Liguori learned to ride and fence but was never a good shot because of poor eyesight. Myopia and chronic asthma precluded a military career so his father had him educated for the legal profession. He was taught by tutors before entering the University of Naples, where he graduated with doctorates in civil and canon law at 16. He remarked later that he was so small at the time that he was almost buried in his doctor's gown and that all the spectators laughed. When he was 18, like many other nobles, he joined the Confraternity of Our Lady of Mercy, with whom he assisted in the care of the sick at the hospital for "incurables".
He became a successful lawyer. He was thinking of leaving the profession and wrote to someone, "My friend, our profession is too full of difficulties and dangers; we lead an unhappy life and run risk of dying an unhappy death". At 27, after having lost an important case, the first he had lost in eight years of practising law, he made a firm resolution to leave the profession of law. Moreover, he heard an interior voice saying: "Leave the world, and give yourself to me."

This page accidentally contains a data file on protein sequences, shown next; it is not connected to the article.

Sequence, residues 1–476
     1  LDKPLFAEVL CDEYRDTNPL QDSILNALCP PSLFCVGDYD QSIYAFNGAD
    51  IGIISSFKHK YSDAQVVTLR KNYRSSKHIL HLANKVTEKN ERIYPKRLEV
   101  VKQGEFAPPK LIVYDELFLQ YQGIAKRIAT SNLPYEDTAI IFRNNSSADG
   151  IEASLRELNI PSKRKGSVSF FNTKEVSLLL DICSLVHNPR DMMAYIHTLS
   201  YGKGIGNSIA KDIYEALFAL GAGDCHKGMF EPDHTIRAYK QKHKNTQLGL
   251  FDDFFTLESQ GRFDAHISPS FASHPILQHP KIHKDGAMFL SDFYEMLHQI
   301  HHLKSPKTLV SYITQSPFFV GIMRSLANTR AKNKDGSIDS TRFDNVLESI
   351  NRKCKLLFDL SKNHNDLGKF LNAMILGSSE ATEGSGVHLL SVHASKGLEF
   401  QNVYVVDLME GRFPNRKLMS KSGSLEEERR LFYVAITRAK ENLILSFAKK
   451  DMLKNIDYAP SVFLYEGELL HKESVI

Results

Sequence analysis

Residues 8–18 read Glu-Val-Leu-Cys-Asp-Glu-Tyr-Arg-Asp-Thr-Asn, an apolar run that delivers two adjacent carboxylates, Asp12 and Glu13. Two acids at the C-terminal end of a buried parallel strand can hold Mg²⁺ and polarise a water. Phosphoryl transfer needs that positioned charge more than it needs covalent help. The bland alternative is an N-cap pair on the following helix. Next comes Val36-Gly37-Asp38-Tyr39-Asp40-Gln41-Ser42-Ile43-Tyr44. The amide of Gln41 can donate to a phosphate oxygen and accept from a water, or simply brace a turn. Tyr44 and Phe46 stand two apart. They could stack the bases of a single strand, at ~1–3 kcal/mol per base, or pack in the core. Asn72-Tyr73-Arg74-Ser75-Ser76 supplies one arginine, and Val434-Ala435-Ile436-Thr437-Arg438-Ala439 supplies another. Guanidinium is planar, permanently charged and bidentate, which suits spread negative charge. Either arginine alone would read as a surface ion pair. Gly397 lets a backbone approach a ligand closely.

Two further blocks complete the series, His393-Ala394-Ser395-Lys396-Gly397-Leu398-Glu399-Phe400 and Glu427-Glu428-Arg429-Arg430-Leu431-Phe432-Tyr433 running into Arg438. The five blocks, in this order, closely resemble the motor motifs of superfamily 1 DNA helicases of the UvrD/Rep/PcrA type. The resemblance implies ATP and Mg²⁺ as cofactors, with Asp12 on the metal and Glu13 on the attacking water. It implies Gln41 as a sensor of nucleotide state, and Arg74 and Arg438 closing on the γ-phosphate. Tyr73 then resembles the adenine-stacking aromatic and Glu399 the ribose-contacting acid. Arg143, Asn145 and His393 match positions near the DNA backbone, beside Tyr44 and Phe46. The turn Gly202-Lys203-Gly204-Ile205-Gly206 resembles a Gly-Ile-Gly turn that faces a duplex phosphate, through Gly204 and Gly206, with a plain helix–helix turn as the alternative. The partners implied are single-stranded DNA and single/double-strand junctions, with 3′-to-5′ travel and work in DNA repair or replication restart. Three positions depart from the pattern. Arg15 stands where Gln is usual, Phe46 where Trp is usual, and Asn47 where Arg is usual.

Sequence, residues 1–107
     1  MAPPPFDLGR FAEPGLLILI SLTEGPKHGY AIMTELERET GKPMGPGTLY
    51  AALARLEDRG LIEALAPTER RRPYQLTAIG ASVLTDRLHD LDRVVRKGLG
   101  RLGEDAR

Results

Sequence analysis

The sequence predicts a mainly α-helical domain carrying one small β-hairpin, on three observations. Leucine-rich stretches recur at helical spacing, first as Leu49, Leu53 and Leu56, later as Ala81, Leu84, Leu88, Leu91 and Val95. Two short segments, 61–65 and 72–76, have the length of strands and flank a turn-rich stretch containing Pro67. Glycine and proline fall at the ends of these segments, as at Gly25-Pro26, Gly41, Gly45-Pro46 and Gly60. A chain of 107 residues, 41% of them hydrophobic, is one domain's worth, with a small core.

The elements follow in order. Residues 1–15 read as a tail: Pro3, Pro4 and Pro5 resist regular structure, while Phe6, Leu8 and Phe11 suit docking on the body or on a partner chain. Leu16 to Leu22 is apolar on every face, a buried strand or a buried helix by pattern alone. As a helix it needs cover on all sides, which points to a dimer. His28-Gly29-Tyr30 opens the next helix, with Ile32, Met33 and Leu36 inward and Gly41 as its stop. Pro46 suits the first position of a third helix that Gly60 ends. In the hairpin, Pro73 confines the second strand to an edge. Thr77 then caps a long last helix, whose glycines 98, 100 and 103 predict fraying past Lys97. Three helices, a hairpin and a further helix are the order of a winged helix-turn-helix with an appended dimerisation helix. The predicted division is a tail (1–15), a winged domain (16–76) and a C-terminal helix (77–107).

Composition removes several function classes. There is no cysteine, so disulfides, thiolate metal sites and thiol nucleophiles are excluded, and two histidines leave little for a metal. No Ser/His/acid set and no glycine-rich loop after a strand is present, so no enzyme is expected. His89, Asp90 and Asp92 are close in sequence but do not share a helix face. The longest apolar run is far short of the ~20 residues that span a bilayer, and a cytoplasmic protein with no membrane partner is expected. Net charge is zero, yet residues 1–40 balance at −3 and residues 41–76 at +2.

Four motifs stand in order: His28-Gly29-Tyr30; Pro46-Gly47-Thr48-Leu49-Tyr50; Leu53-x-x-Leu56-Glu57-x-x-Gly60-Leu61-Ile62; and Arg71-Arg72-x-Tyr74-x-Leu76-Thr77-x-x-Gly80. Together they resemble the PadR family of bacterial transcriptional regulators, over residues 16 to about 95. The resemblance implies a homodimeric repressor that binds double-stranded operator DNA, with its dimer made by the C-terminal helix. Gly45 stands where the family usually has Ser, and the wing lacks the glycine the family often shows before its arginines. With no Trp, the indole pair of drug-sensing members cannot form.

In 1723, he decided to offer himself as a novice to the Oratory of St. Philip Neri with the intention of becoming a priest. His father opposed the plan, but after two months (and with his Oratorian confessor's permission), he and his father compromised: he would study for the priesthood, but not as an Oratorian, and would live at home. He was ordained on 21 December 1726, at the age of 30. He lived his first years as a priest with the homeless and the marginalized youth of Naples. He became very popular because of his plain and simple preaching. He said: "I have never preached a sermon which the poorest old woman in the congregation could not understand". He founded the Evening Chapels, which were managed by the young people themselves. The chapels were centres of prayer and piety, preaching, community, social activities and education. At the time of his death, there were 72, with over 10,000 active participants. His sermons were very effective at converting those who had been alienated from their faith.